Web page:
2. Blues fans would be robbed of getting to see that Tarasenko kid. He looks pretty good, no?

  3. But….Grabovski :(

  4. Come on about the 5 eastern euros who put ppl in their seats thats weak bud.

    There is about 5 Canadians players who have the marketing power to put those south of the border in the stands and given the current structure of the league that is what it boils down to.

  5. Ryan, this article is ridiculous. first of all, you should try to get a literal translation for what Sergei said (i dunno, tweet DChesnokov or something). he clearly meant that he wants certainty of where he is going to play, rather than have the imminent possibility that he’d have to could be yanked out of the lineup tomorrow and have to fly for training camp.

    secondly, if canada and the league alike pride themselves on having the best 750 hockey players in the world playing. so it is hypocritical to say they wouldn’t miss the europeans if they don’t like the terms. if crosby said the same thing about salary rollbacks as ovechkin/kovalchuk did this week (which he did, but more diplomatically and in english, without the crutch of doing google translate of a .ru website), you’d flip your shit over how it’s an unfair deal for the players. but as long as it’s someone overseas, you say that obviously you wouldn’t miss them.

    btw, yakupov is doing just fine in his first month of playing ADULT hockey. rookie of the month or week or something like that. you can look it up.

    • The NHL already doesn’t have the best 750 hockey players in the world. You only need to see the knuckledraggers that some teams carry. What the NHL has is that they have the top 5-10% of the players. A Sidney Crosby or Pavel Datsyuk will not, before now (other than when the WHA existed and the NHL was still trying to control salaries through Eagleson), ever look to play anywhere than the NHL.

      If they were to lose THOSE guys in any appreciable numbers then it’ll matter. Otherwise, it won’t matter if most of these guys stay overseas.

  6. Isn’t this just all posturing anyways. The league. The players. The fans. Everyones’ pissed that there’s no hockey being played right now so you can hardly take what’s being said as rational thought.

  7. When did Don Cherry get a score blog? what a joke.

  8. First of all, this is NOT what Sergei said. If anyone had bothered to translate and read the actual interview, they would have known that. And if anyone actually cared what he really said, they would have also known that Josh Cooper spoke to Sergei after the story was printed to clarify the facts even further. There was no threat to stay in the KHL, no wishing the lockout would continue and no American hate (except for Columbus maybe). Just more BS spread by the Russian haters in the hockey media (even though he isn’t Russian).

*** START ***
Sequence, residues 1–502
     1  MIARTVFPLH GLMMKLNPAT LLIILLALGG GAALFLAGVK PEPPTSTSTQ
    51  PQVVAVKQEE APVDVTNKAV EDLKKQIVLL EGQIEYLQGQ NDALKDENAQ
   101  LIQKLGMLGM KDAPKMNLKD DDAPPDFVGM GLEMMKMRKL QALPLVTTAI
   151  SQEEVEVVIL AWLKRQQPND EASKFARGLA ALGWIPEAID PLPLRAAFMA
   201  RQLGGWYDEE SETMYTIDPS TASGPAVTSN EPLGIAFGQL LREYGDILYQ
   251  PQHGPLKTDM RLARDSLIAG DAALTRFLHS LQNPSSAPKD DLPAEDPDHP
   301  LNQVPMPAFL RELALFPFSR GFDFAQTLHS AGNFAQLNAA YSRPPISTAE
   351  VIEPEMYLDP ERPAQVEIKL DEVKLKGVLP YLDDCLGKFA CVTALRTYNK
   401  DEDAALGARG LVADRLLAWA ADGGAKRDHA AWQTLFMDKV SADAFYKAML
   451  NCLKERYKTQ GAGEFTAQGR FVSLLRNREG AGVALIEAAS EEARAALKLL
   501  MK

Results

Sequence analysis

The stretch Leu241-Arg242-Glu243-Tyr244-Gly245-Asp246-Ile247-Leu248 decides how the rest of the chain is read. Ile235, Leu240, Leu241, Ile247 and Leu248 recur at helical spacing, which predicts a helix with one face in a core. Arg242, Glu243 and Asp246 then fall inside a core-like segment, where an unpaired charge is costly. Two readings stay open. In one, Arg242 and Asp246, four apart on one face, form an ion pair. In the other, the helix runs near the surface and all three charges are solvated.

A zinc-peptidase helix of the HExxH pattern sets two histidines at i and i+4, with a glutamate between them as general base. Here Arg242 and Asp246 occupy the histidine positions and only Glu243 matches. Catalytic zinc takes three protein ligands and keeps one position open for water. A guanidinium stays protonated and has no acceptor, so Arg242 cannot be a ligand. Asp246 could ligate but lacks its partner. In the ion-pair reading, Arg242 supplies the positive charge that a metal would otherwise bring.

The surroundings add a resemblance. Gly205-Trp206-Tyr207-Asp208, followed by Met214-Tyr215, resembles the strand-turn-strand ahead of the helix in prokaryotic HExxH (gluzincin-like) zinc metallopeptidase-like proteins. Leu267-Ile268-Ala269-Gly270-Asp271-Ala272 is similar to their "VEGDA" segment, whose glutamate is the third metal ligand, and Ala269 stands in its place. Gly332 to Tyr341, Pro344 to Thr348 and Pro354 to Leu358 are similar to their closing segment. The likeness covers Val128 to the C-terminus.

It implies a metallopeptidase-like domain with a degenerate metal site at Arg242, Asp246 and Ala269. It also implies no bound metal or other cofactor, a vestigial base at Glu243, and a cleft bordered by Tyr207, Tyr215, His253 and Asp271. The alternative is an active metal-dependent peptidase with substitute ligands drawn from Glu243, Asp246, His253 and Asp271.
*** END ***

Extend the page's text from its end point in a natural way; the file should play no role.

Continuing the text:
Secondly, yes we would miss these players (most of them anyway). Some of these guys (Malkin, Ovechkin, Datsyuk, Kovy) are some of the best players in the league and the most fun to watch play—even if they aren’t on the teams we root for. And as far as recognizing players goes, if I ran into Geno on the street I doubt I would recognize him and he’s the effing MVP…that doesn’t mean I don’t love to watch him play and want him back in N.A. ASAP.

    As for the assertion that Russian players are not treated fairly (even when they aren’t actually Russian), called lazy, etc,—-that is somewhat accurate but it has more to do with the media and prejudice fans than it does the teams they play for. Andrei Kostitsyn may deserve some of the criticism he gets because he has done some stupid things but his stupidity has nothing to do with his nationality. He’s just acted like an idiot. SK on the other hand has played well in Nashville and not been a troublemaker. The whole “Russian Problem” argument has gotten ridiculous and those that keep spreading the hate should be banished from the hockey media…IMO.

  9. Are you serious with this article? The NHL relies on the strength of the imports that come over from Europe. Without the Swedes, Finns, Czechs, Slovaks, Russians, and even Germans, Danes, and Swiss, the league can no longer claim to be the best in the world. I think hockey is moving towards a landscape similar to soccer where multiple leagues have relevant high-quality talent. And personally, as a commited fan of the NHL, but the game of hockey first and foremost, I think its a good thing.
    Don’t be a hater

  10. To many players leave their hearts in Europe when they come to N.A. to play hockey. They take the money and run back home. Not all but most. I say take a cardiac reading before letting them into the country!

  11. I love most of your pieces but you’re really just speaking for yourself on this one. Grabovski’s been the Leafs strongest two way player for two seasons now. Any Leaf fan who WOULDN’T miss him is a low watt bulb.